“We don’t get an audience response like that at the university” one of the Lords Of Misrule singers said to me clearly and justifiably pleased.

Fyrnafolc then returns to the stage, just to perform his two covers to a larger crowd and gets a mighty and glorious singalong of “Heill Odinn” for his trouble. Marvellous.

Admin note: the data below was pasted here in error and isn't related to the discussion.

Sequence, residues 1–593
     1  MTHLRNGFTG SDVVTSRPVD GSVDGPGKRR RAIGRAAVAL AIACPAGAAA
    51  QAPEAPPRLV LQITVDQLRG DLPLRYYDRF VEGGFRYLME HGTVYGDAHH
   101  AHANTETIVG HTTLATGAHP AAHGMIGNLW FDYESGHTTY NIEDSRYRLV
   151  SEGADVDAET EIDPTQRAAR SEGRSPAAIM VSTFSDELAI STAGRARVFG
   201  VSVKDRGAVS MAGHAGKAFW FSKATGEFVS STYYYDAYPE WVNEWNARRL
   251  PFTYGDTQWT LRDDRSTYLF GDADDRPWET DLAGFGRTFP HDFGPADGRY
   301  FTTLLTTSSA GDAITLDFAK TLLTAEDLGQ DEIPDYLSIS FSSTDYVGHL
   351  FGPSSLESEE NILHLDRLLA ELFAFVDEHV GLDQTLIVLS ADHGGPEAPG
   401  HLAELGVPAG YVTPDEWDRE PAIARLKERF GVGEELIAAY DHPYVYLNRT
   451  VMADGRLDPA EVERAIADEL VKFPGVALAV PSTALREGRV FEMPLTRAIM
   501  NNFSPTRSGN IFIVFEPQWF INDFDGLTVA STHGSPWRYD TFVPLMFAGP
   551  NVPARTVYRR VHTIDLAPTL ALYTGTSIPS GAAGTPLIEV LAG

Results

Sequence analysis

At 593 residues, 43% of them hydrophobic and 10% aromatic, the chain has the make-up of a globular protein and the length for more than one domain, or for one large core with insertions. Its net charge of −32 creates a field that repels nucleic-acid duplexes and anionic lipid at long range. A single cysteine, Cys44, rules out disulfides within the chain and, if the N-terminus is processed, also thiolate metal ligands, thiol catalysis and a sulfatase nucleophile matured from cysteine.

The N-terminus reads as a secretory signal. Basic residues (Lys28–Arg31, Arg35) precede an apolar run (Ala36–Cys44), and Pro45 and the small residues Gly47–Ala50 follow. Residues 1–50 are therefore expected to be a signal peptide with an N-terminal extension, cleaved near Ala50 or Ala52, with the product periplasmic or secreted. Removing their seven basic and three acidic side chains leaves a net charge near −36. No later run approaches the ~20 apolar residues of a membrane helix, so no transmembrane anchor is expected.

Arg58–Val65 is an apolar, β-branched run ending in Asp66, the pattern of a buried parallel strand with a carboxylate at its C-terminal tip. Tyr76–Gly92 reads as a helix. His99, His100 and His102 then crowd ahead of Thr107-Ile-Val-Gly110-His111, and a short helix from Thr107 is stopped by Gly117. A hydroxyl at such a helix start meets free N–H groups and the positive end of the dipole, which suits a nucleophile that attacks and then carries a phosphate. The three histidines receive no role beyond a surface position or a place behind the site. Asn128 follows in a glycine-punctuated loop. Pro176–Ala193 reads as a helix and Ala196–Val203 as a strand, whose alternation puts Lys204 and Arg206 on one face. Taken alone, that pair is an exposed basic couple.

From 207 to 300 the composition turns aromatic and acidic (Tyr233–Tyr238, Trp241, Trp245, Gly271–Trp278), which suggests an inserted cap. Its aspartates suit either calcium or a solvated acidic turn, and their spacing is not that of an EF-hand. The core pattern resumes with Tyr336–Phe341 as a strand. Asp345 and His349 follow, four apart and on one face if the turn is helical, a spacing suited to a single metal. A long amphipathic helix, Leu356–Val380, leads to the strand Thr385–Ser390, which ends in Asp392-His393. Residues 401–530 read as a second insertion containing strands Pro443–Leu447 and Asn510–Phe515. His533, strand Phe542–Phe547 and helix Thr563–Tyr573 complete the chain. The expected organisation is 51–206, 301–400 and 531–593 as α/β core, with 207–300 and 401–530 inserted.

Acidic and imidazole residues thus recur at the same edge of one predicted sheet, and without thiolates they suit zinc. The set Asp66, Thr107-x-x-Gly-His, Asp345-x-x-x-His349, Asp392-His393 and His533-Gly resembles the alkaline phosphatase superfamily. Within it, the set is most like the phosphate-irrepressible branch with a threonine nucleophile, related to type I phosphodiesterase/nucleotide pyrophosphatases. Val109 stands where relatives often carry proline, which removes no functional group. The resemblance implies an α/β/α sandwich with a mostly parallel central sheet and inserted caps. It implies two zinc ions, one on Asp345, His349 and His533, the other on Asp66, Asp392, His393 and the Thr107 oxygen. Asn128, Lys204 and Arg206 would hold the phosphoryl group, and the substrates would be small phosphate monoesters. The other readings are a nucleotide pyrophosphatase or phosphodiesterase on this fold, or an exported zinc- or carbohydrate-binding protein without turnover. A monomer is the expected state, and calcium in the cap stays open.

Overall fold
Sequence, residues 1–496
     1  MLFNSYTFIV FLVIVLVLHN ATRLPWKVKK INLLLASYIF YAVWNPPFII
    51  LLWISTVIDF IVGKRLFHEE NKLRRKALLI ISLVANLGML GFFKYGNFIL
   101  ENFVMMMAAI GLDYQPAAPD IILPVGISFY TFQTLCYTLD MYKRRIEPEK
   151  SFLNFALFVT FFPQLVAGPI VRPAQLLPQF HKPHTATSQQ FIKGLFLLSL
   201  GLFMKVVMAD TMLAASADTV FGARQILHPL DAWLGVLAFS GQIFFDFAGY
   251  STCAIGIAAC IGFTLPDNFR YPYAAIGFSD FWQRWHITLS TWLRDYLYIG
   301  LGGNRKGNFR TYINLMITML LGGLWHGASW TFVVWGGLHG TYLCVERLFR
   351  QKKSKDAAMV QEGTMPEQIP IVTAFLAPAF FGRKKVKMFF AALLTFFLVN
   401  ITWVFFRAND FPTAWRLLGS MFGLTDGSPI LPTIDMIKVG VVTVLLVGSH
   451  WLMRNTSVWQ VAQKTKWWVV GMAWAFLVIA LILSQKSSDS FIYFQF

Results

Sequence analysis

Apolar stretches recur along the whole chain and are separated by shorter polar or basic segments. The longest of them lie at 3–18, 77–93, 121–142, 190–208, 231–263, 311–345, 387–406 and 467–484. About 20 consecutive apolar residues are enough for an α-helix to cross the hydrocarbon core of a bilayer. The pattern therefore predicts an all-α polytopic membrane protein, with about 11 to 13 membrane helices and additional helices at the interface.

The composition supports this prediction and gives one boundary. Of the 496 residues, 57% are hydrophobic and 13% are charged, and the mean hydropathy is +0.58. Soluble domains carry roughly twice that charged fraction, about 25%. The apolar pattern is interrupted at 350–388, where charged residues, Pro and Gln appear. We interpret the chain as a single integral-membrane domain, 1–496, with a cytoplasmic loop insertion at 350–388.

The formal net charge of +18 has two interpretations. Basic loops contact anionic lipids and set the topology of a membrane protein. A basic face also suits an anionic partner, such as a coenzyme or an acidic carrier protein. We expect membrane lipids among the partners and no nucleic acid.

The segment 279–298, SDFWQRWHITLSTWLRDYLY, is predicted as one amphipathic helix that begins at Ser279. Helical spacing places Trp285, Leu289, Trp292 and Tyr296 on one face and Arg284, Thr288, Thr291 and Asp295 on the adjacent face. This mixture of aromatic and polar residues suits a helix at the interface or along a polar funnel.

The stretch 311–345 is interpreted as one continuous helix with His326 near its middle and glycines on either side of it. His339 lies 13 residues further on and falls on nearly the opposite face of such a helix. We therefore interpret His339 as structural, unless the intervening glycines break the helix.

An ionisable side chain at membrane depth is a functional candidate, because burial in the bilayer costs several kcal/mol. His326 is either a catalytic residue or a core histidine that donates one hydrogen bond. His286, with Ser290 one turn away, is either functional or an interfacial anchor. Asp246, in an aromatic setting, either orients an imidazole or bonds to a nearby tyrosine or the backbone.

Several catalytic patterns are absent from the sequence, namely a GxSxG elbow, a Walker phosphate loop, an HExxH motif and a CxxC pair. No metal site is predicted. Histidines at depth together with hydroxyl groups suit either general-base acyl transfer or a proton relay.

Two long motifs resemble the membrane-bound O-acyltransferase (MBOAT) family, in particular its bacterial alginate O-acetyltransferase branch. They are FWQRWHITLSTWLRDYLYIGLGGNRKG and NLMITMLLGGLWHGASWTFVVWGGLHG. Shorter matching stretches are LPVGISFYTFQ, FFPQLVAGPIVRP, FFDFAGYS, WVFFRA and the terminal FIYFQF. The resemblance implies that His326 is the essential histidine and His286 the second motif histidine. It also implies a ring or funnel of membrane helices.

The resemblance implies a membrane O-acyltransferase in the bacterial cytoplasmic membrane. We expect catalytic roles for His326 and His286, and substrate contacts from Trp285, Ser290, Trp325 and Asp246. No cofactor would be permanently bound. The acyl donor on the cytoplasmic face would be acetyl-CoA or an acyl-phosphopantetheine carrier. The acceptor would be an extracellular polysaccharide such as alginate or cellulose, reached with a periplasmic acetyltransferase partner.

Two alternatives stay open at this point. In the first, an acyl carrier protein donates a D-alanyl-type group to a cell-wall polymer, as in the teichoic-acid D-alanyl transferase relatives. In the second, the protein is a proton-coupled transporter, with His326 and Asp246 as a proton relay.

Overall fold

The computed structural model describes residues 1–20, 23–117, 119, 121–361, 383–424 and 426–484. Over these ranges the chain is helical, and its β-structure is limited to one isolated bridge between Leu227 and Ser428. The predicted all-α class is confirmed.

Ah, the exquisite YYLVA took her seat next. Having seen the lady perform at Warhorns 2018 I knew what to hope for and it was beautifully given. In a black gown, accompanied by her harp, the lady’s fingers wove a spell of gentle, melancholy rain and shadows through ‘Waterwings’ and ‘Sunwheel’. Her voice is rich and her range impressive but the emotional content is more important and it is delivered with a deftness that amazes me. ‘Nienor’ is such a tragic and haunting song. Amongst her original compositions there is also a passionate Wardruna cover ‘Voluspa’, which works well on the harp i am pleased to say. Her breathing technique seems flawless, her fingers amazing. Just think; to keep a room of metalheads quiet and intrigued by harp and voice alone is quite some talent. Lovely. (Giz)